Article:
Dairy strike averted

Dairy workers on strike at the Saputo site in Cobram. Photo: Contributed

ONE of the largest dairy industrial actions in living memory ended last week, averting a further six-day strike after 1400 dairy workers came to a new agreement with industry giants

The two-day strikes at 13 sites a fortnight ago disrupted supplies of dairy goods, limits were imposed on milk in some supermarkets and farmers reported hundreds of thousands of litres of milk tipped down the drain.

A six-day strike of 300 dairy workers from last Saturday was avoided when major processor Fonterra reached an in-principle deal with United Workers Union delegates after protracted talks.

The vast bulk of the 1400 dairy workers won a five per cent pay rise in the first year, going some way to address the cost-of-living crisis as workers face persistent inflation above five per cent and the prospect of yet another mortgage rate rise.

These workers’ first-year pay rise doubles the 2.5 per cent dairy workers received as they helped their companies out during the pandemic.

“These are working people in regional areas who have shown great courage in standing up to large multinational dairy companies,” United Workers Union National Secretary Tim Kennedy said.

“They were fighting not just for themselves, but for secure jobs in regional communities where every dollar they spend goes back into those communities.

“Their fight also gave a national platform in the battle for profitable companies to pay a fair share of their profits to help workers address the cost-of-living crisis.

“Dairy worker pay rises of up to 14 per cent over three years dwarf previous company offers as low as 8.25 per cent before workers went on strike.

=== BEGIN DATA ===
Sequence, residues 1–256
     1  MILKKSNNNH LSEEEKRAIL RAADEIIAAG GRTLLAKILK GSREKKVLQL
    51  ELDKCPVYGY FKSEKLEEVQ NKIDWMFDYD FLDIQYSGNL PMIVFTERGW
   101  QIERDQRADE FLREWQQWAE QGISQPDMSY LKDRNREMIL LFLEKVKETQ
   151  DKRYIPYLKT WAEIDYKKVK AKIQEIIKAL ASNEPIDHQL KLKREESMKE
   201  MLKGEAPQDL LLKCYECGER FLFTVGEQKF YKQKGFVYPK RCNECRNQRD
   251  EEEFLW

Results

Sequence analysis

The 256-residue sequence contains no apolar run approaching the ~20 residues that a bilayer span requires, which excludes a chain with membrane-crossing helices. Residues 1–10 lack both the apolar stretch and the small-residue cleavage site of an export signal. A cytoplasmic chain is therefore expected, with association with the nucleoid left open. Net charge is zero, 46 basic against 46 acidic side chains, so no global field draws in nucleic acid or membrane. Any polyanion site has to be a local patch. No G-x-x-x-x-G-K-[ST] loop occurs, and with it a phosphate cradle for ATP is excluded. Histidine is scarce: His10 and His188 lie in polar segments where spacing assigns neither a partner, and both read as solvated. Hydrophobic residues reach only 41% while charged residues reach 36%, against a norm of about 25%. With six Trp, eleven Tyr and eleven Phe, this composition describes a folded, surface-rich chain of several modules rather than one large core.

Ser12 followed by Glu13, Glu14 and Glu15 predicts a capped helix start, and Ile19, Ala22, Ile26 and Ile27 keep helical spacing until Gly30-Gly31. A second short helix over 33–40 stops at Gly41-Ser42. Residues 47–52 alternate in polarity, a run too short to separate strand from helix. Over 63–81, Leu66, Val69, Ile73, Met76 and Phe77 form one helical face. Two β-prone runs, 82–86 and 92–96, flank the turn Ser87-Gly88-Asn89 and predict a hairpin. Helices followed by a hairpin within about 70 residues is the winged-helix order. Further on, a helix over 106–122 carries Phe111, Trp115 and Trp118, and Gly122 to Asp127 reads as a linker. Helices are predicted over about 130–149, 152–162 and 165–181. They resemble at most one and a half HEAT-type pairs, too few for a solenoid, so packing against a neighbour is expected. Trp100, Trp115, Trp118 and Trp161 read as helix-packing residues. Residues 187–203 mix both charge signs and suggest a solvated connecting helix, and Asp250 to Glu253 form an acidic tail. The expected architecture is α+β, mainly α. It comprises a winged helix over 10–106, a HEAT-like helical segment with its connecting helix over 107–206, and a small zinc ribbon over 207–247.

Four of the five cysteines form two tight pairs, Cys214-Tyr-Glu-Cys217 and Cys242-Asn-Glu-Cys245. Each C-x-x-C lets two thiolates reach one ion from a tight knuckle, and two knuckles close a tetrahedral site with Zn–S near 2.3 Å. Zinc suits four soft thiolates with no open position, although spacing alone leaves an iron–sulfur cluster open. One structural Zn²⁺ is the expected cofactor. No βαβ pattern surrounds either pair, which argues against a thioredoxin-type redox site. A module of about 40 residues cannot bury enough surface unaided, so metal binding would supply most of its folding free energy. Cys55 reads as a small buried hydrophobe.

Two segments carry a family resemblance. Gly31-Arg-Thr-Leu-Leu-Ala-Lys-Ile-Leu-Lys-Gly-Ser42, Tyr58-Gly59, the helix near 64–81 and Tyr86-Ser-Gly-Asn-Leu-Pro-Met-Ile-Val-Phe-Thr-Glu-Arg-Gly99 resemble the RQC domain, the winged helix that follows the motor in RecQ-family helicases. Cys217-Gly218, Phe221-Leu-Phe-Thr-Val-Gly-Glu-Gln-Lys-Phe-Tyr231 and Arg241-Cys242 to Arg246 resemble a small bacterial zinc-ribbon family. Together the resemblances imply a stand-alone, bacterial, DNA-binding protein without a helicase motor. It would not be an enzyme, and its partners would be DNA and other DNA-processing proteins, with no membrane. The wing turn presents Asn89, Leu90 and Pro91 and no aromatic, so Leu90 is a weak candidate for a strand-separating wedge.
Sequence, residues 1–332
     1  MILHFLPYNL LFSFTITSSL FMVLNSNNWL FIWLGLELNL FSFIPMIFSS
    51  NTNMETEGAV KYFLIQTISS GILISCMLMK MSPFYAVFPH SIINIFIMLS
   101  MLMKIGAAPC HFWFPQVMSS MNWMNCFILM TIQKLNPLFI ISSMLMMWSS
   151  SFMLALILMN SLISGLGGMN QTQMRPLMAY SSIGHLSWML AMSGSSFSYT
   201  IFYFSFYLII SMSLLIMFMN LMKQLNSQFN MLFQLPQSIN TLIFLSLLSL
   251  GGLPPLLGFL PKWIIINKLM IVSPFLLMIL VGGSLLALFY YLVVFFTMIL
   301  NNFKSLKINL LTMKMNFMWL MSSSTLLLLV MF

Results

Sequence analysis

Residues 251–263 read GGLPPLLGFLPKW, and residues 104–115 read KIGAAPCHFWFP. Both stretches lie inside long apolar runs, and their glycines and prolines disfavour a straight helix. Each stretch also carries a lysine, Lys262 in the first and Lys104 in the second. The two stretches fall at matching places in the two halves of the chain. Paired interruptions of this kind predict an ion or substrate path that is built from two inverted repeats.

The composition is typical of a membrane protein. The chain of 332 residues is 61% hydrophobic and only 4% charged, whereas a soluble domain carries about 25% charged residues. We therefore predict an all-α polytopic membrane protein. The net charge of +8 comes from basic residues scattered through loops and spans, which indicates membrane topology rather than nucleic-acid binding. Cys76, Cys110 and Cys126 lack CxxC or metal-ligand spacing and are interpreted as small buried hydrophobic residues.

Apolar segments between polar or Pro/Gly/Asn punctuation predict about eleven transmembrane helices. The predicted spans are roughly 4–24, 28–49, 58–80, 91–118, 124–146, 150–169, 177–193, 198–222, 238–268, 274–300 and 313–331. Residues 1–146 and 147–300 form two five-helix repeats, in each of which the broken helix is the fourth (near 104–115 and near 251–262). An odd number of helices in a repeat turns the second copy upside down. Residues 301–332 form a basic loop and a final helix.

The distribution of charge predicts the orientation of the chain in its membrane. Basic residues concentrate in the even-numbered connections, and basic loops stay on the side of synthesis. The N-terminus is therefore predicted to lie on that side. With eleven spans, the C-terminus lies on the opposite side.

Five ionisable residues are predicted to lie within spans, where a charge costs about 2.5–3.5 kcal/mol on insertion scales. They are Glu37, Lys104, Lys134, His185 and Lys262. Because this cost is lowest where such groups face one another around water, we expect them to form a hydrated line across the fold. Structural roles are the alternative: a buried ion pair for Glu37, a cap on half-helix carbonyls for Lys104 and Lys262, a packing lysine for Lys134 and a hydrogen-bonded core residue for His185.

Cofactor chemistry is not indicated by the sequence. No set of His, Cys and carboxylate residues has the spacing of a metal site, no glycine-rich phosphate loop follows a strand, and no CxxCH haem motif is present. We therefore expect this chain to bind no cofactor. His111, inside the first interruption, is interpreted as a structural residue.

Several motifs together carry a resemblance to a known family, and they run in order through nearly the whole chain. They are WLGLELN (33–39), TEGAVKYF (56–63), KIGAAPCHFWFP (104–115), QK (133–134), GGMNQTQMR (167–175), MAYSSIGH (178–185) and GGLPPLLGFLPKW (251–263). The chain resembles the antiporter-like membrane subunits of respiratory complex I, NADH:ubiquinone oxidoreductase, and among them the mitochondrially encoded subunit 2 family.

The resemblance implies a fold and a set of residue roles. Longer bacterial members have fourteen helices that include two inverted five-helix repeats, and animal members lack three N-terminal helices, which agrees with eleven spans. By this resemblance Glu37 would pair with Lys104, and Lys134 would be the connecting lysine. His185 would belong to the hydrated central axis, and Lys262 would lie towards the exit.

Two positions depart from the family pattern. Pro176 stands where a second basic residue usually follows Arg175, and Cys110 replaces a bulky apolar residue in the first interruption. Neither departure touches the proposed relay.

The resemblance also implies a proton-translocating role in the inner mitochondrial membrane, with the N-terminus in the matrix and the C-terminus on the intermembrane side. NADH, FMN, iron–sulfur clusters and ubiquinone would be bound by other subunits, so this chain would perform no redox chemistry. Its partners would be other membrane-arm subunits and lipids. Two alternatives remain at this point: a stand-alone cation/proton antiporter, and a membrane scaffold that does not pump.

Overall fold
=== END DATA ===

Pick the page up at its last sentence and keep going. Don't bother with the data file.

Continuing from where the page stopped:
“Also importantly, workers have won measures that are important to them and their communities.

“These measures include five days of paid emergency services leave at both Saputo and Fonterra, allowing volunteers to fight natural disasters occurring in their communities.”

In the case of Fonterra’s talks, delegates will be putting to dairy workers an offer of five per cent in the first year, four per cent in the second year and three per cent in the third year, up from 10.5 per cent across three years before the strike. The offer includes improved personal leave and shift allowances.

“Fonterra Australia is pleased that an in-principle agreement has been reached and an offer will be presented to our production workers for their decision,” Fonterra Australia Supply Chain and Operations Director, Rob Howell said .

“This offer is largely in line with what was previously on the table, following months of negotiations with the union. We reiterate that an agreement could have been reached without the union taking industrial action, which unfortunately reduced the pay packets of striking union members”.